Investing in equipment will maximise the use of sperm by optimising the number of doses produced and consequently increase the economic and genetic gain on-farm. The DanBred recommendation is to dilute the semen to 2-2.1 billion (109) sperms per dose containing 80-85 ml diluted semen (DPRCa, 2018). Under-diluting semen, will give a higher concentration but can, besides reducing the optimum number of doses produced, result in a shorter shelf life because the amount of available energy substrates in the extender will exhaust sooner than expected. On the other hand over-diluted semen, with a low sperm count, will potentially cause reduced semen viability and thereby decrease the farrowing rate and potentially increase the number of non-productive days on-farm (Althouse et al., 2015).
The choice of extender depends on availability as well as production setup. Depending on the active ingredients in the extender, semen doses can be stored between 3 to 8 days without significant loss of fertility potential (Althouse et al., 2015).
Water for semen dilution must be purified either by distillation or demineralisation. Tap water cannot be used at the content of minerals as well as variable levels of chemicals, organic compounds, microorganisms and endotoxins can harm the semen. Ensure water hygiene by never using tools or thermometers in the container, as well as ensuring that water is only taken out and never returned into the hygienic container (DPRCa, 2018).
It is a fact that boar sperm is very susceptible to fluctuations in temperature and semen temperatures below 15°C will result in a loss of viability and efficiency why semen doses should be kept at a very steady temperature (DPRCa, 2018). At collection the semen has a temperature of 37°C while doing quality assessment as well as dilution of the semen it is very important to keep the temperature around 35°C until the semen has been filled into tubes, flatbacks or bottles, now the doses can be transferred to a temperature-controlled storage facility at 16-18°C.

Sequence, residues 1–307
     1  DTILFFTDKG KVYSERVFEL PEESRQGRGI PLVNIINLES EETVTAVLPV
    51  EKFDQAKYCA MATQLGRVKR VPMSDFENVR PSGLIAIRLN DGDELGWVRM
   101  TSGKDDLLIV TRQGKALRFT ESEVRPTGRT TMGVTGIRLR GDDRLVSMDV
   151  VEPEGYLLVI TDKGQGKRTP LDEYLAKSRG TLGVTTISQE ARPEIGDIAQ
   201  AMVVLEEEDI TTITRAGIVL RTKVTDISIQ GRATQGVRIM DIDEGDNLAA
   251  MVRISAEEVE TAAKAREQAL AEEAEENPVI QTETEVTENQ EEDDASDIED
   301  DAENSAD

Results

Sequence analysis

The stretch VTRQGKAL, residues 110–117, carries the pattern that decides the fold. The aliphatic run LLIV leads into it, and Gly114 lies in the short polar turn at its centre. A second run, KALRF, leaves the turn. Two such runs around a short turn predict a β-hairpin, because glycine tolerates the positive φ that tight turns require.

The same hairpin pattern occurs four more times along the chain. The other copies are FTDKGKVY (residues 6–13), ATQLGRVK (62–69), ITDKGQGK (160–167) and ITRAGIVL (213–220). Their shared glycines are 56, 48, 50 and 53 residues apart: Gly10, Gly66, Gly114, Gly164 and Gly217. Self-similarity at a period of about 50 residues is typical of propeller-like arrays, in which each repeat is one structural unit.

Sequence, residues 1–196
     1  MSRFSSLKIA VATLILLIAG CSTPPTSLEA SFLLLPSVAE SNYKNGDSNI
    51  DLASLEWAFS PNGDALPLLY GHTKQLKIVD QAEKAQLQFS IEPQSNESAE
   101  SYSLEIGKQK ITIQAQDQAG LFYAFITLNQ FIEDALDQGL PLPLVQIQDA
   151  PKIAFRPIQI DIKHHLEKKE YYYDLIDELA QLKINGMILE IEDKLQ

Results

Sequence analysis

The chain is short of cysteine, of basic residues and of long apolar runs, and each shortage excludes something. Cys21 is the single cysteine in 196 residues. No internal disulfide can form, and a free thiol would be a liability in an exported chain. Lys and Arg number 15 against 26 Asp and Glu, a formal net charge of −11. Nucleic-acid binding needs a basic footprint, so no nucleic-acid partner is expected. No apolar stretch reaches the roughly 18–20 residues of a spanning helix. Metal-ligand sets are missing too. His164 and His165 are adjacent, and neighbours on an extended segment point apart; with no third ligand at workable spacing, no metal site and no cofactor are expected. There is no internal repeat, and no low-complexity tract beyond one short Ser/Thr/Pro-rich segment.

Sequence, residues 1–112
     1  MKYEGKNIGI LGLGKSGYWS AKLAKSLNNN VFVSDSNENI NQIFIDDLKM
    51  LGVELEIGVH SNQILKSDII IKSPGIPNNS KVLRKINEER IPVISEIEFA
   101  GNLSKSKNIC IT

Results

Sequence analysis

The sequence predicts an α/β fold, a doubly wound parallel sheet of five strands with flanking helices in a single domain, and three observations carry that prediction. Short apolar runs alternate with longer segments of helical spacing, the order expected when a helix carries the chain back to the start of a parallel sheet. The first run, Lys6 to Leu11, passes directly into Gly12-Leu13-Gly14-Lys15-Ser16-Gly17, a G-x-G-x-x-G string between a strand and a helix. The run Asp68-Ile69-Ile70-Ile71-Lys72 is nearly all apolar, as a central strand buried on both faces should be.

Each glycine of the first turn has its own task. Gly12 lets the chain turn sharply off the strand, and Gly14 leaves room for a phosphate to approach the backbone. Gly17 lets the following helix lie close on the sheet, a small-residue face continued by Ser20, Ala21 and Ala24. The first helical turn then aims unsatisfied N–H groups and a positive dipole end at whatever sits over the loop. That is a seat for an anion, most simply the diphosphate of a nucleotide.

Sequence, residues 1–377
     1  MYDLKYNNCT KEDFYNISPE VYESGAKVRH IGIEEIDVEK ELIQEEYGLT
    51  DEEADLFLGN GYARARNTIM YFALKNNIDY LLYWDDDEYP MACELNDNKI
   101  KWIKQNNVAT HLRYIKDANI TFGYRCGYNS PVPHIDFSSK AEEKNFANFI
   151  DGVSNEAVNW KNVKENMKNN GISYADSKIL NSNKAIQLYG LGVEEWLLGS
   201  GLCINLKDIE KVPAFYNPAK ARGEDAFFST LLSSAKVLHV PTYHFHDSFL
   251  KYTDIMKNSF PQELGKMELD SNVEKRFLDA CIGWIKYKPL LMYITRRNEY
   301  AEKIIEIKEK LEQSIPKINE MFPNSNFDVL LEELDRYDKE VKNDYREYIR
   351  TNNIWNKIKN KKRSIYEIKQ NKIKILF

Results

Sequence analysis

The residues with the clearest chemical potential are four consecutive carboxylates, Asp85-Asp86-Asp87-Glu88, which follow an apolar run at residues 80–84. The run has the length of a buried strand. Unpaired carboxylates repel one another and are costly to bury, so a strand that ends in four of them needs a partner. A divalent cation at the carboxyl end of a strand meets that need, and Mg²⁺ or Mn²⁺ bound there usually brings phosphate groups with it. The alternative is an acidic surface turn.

Easy work flow on preparing semen doses for AI
Before collecting the semen make sure the extender is prepared.
Prepare the extender
- Prepare the liquid extender in a single-use, disposable plastic bag.
- Use demineralised or distilled water.
- Carefully follow the instructions provided by the extender manufacturer.
- Dissolve the extender in the amount of water described by the manufacturer.
- Place the dissolved extender in a water bath at 35-37°C for a minimum of 1 hour to allow for temperature and pH equilibration.
Batch register the semen
- Register the boar ID number.
- Register the boar race.
- Register the date of collection.